Sunday, July 7, 2013

The 50mm Kern Macro Switar lens

Legends of photography:
Photographing with the Macro Switar on a Leica M and Fuji X-Pro1

The f/1.8 50mm Kern Macro Switar lens was made in Switzerland by Kern Aarau exclusively for the Alpa 35mm cameras. It was introduced in 1951 and reached legendary status for its precision optics and hand-crafted elegance. In 1958 the model was modified with the introduction of the Visifocus depth-of-file indicator shown on the lens in this blog post. As the aperture ring was turned, yellow dots appeared in the ring below to indicate the depth-of-field for the selected f/stop. In 1968 the design changed again with the addition of better coating of the  lens elements and a decrease in the maximum aperture to f/1.9.

Early camera lenses did not have the sophisticated anti-reflective optical coatings we have today. Early lens designs had fewer optical elements to control aberrations and so did not require coatings to control reflective glare.  As optical elements were added to lens systems creating more glass surfaces, they also created more problems with reflective glare from the increase of internal glass surfaces. In the mid-1930's a non-reflective coating was first discovered and used to coat the lens surfaces to reduce glare. This was not widely applied until after WWII. It took decades for the development of the sophisticated, multi-lens coatings we use today.

Early lenses have a muted, low contrast effect when used on modern digital camera sensors, which are more demanding than film. The original sharpness of these lenses remains unaffected.  I seem to remember reading somewhere that for the film "Saving Private Ryan" the cinematographer had the lens coatings removed from the Nikon lenses used to shoot the film in order to simulate the effect of contemporary optics.

The electronic view finders and "live view" mode of mirrorless cameras has made it possible to mount many older camera lenses on them. So I decided to try the 50mm Switar on my Leica M and also the Fuji X-Pro1. Interestingly, it is a very small lens for having been intended for SLR use. In fact, it is not much larger than a regular Leica M lens. This, plus its ability to focus close, made it very appealing to try.

The focusing ring has a long throw -- a really long throw.  It focuses down to 1.8x magnification at 11" but takes 2 3/4 turns of the focusing ring to get there. Note the Visifocus depth-of-field scale of yellow dots.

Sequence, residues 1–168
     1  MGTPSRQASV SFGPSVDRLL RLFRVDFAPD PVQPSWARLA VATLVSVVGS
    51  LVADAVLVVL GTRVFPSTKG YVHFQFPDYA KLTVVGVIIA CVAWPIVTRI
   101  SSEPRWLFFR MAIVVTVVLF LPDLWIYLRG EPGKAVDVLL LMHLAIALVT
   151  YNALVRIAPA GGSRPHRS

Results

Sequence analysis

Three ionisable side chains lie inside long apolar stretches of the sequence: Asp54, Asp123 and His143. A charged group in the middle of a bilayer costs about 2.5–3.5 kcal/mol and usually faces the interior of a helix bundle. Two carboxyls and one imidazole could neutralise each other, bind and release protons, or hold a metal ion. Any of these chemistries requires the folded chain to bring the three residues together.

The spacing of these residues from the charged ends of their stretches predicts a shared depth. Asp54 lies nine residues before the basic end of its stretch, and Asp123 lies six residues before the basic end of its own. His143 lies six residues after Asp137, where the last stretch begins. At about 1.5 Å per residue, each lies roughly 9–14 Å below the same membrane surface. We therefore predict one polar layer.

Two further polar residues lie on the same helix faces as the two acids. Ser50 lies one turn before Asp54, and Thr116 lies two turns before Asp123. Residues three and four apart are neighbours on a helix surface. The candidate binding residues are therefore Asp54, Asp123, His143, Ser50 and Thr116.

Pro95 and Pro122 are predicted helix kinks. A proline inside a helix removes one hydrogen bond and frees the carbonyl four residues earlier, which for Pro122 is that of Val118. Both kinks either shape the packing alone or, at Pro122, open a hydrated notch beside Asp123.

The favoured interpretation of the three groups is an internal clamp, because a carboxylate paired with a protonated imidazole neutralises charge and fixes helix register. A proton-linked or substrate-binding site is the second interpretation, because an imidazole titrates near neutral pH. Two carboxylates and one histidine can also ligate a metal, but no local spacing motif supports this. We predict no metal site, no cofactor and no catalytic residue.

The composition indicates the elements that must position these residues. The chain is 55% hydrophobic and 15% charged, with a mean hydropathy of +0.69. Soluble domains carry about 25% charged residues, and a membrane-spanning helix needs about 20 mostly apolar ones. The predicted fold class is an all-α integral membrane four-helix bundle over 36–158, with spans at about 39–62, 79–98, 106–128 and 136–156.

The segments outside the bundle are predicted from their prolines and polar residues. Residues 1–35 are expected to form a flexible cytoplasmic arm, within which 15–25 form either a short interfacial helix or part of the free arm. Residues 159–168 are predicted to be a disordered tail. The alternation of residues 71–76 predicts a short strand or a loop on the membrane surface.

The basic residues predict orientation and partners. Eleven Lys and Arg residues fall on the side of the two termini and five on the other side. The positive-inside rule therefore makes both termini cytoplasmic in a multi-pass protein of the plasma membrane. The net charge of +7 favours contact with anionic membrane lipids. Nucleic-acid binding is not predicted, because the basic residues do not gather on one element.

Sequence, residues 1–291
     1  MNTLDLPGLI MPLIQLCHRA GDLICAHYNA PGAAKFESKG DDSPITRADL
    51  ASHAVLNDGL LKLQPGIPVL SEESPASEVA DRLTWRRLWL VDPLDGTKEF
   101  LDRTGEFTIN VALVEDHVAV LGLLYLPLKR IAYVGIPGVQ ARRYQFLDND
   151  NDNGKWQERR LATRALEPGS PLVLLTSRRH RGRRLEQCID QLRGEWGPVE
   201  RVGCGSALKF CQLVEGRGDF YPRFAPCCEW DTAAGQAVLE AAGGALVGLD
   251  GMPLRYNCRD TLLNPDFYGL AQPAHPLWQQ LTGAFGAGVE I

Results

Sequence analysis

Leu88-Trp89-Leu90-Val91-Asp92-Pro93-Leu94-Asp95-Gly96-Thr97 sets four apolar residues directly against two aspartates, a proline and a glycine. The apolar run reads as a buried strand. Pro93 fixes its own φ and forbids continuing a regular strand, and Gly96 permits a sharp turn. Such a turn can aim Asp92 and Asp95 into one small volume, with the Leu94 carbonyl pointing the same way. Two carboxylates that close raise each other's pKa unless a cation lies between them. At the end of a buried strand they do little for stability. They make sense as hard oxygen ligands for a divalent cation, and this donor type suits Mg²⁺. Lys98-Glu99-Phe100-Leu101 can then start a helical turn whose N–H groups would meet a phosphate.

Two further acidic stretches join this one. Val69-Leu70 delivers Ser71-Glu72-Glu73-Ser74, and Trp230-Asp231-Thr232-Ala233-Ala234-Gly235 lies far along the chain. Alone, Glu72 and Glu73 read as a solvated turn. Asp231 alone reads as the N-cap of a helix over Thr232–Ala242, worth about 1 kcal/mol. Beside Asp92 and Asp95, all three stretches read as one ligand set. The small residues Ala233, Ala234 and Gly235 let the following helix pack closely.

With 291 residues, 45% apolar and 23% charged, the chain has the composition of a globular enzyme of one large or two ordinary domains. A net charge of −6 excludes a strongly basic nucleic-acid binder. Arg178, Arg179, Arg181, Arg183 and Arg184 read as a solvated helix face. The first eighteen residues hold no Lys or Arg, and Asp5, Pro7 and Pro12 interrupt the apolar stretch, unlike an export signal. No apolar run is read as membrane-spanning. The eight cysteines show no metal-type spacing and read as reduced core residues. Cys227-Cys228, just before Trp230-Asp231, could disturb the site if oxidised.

The lens shade for the Switar has an unusual, and innovative way of attaching by means of a single, thin, spring wire that runs along the inside of the hood and protrudes out the bottom. Pressing the bottom loop loosens the tension on the spring so it fits over the lens. As soon as you release the spring tension, the hood is attached. The design is not exactly graceful with the metal loop sticking out from the bottom, but it is very functional and speedy to use.

First thing I noticed about this lens was the low contrast due to its lack of modern anti-reflective coatings.
The images are definitely sharp, but lacking in color punch -- a direct result of the low level of lens coatings.
Normally, the colors in this photo and the one above would be very vibrant. I could have punched the color some more in Photoshop, but decided to keep it as it was to illustrate the muted color palette of the lens.
My preliminary lens tests led me to realize that I should not be working against the grain. If the lens exhibited a low contrast, muted look, perhaps it was better to exploit this quality rather than mask it with some post-processing punch. With that in mind I did the three still life photos below, thinking they would be a little more in keeping with the natural characteristics the lens had to offer.

For all of the above samples, I used a very wide open lens aperture of f/2 and a filtered window light for illumination to enhance the softer color palette of the lens. The muted colors are a product of the age of the lens and its minimal anti-reflective coatings. There is no other post-processing going on here.

The main reason I enjoy using older lenses on modern digital cameras is for the inherent optical effects they offer due to the less sophisticated technology of their age. I find this extends the options of my creative palette.

Here the Switar is mounted on a Fuji X-Pro1 where it acts as a 75mm close-up lens. The pleasing look of the match of camera to lens almost appears as if they were made for each other.
A Metabones Speed Booster adapter is also available to connect Alpa lenses like the 50mm Switar to Fuji X-series.  The adapter preserves the same 50mm focal length when the lens is attached to the Fuji camera.

Taken with the Switar on the X-Pro1, this shot demonstrates the beautiful bokeh in the out of focus areas when working in close at a wide open f/1.8 aperture.


  1. If we use kipon adapter for M mount, are we able to close focus?

  2. On 36mm wide sensor the lens produces 1/3x magnification.

  3. will a 75mm Switar cover the corners on a full frame sensor?

  4. The Switar 75mm was made for the Bolex movie film camera. It might work on micro 4/3 but not full frame.